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Make three attempts.

The third trial likewise indicates that coffee does not significantly increase my blood sugar. My blood sugar levels are quite constant in the mornings when I’ve had coffee and the mornings when I haven’t, suggesting that coffee hasn’t had much of an effect on my blood sugar levels.

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Supplement

The average blood glucose levels of the three studies are shown in the graph below.

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This indicates to me that coffee consumption does not substantially raise blood sugar levels.

However, the graph also indicates that when I consume coffee in the morning, my blood sugar is somewhat higher than when I don’t.

This difference, however, is not substantial and may be related to random blood sugar variations (for example, the morning rise in blood sugar when I drink coffee, even if I haven’t had coffee yet).

Ketone levels in the blood did not alter much.

In the second and third tests, the graph below shows the average ketones in the blood in the morning when I drank coffee (unfortunately, I didn’t detect ketones in the first experiment).

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This graph also demonstrates that coffee does not increase blood sugar levels in our opinion.

When coffee increases blood sugar levels substantially, insulin levels are anticipated to rise as well, resulting in a reduction in ketone bodies. After drinking coffee, however, there was no discernible decrease in ketone levels.

When you consume coffee, what happens to your blood sugar?

Note to self: This is a n=1 self-experiment, therefore the results may not be applicable to you. I am 36 years old, a man who is insulin sensitive, weighs 69 kg, exercises for 10-15 minutes five times a week, and has no prior history of obesity or diabetes.

If coffee doesn’t increase my blood sugar, it’s unlikely to do so for you.

When you consume coffee, what happens to your blood sugar? Let us know about it in the comments section below.

How to Perform a Test

Do the following to see what happens to your blood sugar after you drink coffee:

1. Fast for two hours without eating or drinking anything. 2. Check your blood sugar level; this is your starting point. 3. Have a cup of coffee with no added sugar (no sugar, no sweeteners, no milk, no cream, etc.) For the following two hours, don’t eat or drink anything, and stay away from activity and stress (which can affect blood sugar). 4. After consuming coffee, test your blood glucose every 30 minutes for two hours (five times total, including a baseline test). 5. Assess your outcomes. Is there a substantial rise or fall in blood glucose levels?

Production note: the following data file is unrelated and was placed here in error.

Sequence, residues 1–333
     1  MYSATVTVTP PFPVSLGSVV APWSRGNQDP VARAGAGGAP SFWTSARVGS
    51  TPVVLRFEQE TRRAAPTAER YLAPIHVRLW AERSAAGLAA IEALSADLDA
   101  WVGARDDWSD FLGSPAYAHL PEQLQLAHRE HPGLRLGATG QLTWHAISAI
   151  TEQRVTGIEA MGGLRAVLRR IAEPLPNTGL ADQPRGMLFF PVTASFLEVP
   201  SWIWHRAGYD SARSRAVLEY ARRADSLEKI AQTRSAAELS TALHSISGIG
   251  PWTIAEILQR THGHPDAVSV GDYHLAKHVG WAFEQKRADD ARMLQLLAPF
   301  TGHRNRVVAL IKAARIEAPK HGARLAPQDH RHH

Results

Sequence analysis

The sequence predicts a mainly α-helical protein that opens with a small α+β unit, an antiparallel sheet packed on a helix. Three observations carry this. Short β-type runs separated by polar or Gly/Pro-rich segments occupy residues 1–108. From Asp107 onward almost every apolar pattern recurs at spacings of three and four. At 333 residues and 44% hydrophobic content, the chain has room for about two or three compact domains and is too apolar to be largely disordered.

* Even if you don’t eat, your blood sugar levels will vary throughout the day. Small variations, such as a 0.5 mmol/L (10 mg/dL) rise or reduction, are therefore a random fluctuation and not the consequence of coffee intake.

What should we look into right now?

Sugar alcohols, more artificial sweeteners, hunger, alcohol, and resistant starches were among the recommendations for further tests. What more do we have to put to the test?

Thank you for your ideas on how to make these experiences better. We will test ketones in addition to blood glucose if you want it. However, for studies that have been performed but not yet published, there may not be enough data on ketones.

The job of measuring insulin levels is more difficult. Is there a simple and reliable method to measure this many times each hour? Let us know about it in the comments section below.

Attempts made previously

Are you curious about the results of our past tests? Take a look at this episode:

  1. What’s keeping you from being in ketosis?
  2. In ketosis, how much protein can I consume?
  3. What you can eat while you’re in ketosis
  4. Do artificial sweeteners have an impact on blood sugar levels?
  5. Is it true that coffee raises blood sugar levels? preliminary findings

Ugh, don’t we all get enough of these articles? Does coffee raise blood sugar? Is low carb the best diet for losing weight? Is a diet that says everything in moderation works for everyone? Do protein bars work for weight loss? Can we eat too many eggs? But, do you ever wonder if coffee, in the end, really does raise your blood sugar? After all, as a frequent coffee consumer, you would think you know this answer by now.. Read more about does decaf coffee raise blood sugar and let us know what you think.